Jaywalkers in Shanghai to be punished with shame

In an attempt to put a halt to wandering pedestrians and cyclists, Shanghai police are going to post photos and videos of offenders all over the media–in newspapers, on TV–just to embarrass them. Some lawyers are protesting the system, saying that public humiliation is exaggerated punishment, and possibly defamatory, for such a minor infraction.

Crossing the street in Shanghai is like crossing the street in Manhattan–people wait for an opportunity and just do it, with little regard for what the traffic light says. Which makes me wonder how effective of a punishment this is. If they did it in NYC, people would probably either not give a crap or start posing for the camera. But being outed as a law-breaker is considered shameful–and maybe even a little scary–in China. I suppose police wouldn't be doing this if they didn't think it would work in the first place. Image by d'n'c' via Flickr

Police to shame jaywalkers on TV

( Lisa Katayama is a guest blogger.)


  1. Having lived in Shanghai (and visiting again last year) I really doubt the ability of Shanghai to actually implement this. The local government isn’t going to want (or be able) to pay for the costs of all of this. Meanwhile, Chinese people have a very, shall we say, practical viewpoint about the law and will continue to J walk until it’s obvious there are real consequences.

    My guess? The government knows all this and is bluffing, hoping the fear of such a system alone will reduce J walking.

    On the other hand, crazier things have happened, and maybe they will implement this and excoriate a few losers in the hopes it’ll scare others off the streets.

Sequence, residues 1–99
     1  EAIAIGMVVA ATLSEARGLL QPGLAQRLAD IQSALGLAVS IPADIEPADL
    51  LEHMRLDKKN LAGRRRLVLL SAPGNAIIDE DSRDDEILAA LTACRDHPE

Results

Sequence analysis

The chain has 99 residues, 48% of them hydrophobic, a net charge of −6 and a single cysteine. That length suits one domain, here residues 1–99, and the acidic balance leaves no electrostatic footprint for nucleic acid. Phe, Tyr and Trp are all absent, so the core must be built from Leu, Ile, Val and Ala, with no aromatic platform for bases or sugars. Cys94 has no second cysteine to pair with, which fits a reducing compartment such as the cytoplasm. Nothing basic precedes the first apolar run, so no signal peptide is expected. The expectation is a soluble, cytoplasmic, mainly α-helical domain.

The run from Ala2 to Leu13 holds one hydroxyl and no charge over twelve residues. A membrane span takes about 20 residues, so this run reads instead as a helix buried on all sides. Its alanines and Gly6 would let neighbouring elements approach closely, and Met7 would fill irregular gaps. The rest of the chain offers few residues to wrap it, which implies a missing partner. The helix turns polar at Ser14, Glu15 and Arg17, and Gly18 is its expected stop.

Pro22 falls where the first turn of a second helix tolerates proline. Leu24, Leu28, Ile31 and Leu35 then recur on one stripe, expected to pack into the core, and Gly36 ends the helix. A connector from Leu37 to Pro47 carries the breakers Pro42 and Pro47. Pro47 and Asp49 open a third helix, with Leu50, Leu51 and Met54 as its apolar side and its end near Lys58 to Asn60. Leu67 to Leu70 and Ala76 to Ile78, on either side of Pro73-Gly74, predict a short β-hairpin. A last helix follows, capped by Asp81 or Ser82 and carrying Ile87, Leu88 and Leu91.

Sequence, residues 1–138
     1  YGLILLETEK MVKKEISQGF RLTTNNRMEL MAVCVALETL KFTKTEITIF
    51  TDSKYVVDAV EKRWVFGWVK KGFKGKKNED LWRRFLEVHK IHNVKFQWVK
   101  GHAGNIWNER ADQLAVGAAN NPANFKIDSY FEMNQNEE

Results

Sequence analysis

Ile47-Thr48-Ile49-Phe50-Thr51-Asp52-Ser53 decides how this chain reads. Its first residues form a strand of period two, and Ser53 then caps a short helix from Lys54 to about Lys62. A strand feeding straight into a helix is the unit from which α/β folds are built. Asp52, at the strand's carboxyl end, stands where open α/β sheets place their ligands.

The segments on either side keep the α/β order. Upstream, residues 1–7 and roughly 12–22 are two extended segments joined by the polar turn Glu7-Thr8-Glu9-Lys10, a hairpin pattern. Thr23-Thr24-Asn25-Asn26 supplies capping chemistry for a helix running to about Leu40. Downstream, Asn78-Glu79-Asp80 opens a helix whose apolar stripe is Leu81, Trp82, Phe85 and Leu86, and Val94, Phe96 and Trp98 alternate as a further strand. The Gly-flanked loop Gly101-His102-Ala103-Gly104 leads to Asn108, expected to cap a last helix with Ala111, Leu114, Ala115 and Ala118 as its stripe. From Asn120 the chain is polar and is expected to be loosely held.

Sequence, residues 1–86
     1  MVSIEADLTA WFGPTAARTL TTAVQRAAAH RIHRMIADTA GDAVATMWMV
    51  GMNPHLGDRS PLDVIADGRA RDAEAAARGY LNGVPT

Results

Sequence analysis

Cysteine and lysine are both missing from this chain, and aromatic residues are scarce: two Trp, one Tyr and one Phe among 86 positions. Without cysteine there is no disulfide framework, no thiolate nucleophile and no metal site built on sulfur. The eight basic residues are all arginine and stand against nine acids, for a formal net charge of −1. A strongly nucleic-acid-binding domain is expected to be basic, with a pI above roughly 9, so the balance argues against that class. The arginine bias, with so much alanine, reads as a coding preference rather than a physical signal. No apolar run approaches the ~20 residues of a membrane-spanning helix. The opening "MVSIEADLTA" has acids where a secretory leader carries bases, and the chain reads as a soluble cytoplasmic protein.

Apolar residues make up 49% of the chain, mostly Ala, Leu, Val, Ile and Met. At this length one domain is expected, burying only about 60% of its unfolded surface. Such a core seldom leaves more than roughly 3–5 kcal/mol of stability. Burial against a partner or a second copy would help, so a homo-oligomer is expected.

But I bet it will have minimal impact.

    The sad thing is that, if they are successful,Shanghai will take a step closer in looking like Beijing, where the sun is always hidden behind thick smog.

  2. I recently moved from New York to Washington, DC, and it always amuses me how well people are trained to wait for the light to tell them to cross.

    Most DC lights have a countdown for pedestrians, and it’s kind of silly to see people sometimes stand there at the crosswalk for 60 seconds or more when there are no cars coming.

  3. I often wait for the light as a pedestrian because there’s traffic coming so the light is the only time that I can go. And that’s in small towns. I would presume in a place like Shanghai that it should be pretty much impossible to cross without playing Frogger with the traffic.

  4. In Britain, and I think generally in Europe ‘jaywalking’ is absolutely the norm. You cross when and where you can, and keep an eye on the traffic if you have any sense! It may have something to do with our irregular street layouts, so there aren’t regularly placed pedestrian crossings, and also our organically grown towns, which were around long before the advent of the car. You should have seen some of the dirty looks my family and I got as we relentlessly jaywalked in California earlier this year. I find it funny that America is the home of the rebels and yet authority and obedience is so utterly pervasive.

  5. I suppose police wouldn’t be doing this if they didn’t think it would work in the first place.

    What makes you think that?

  6. @Jardine:

    Small towns tend to have traffic lights only at the most heavily-used intersections. But New York, for instance, (and, perhaps, Shanghai) has traffic lights at every intersection, no matter how lightly travelled, and they don’t shift to flashing red or yellow during nighttime hours. This trains pedestrians to treat a “Don’t Walk” light as more of a suggestion than a hard and fast rule.

    And of course in some places they ignore lights altogether, which can bring traffic into the realm of art and beauty: http://www.youtube.com/watch?v=RjrEQaG5jPM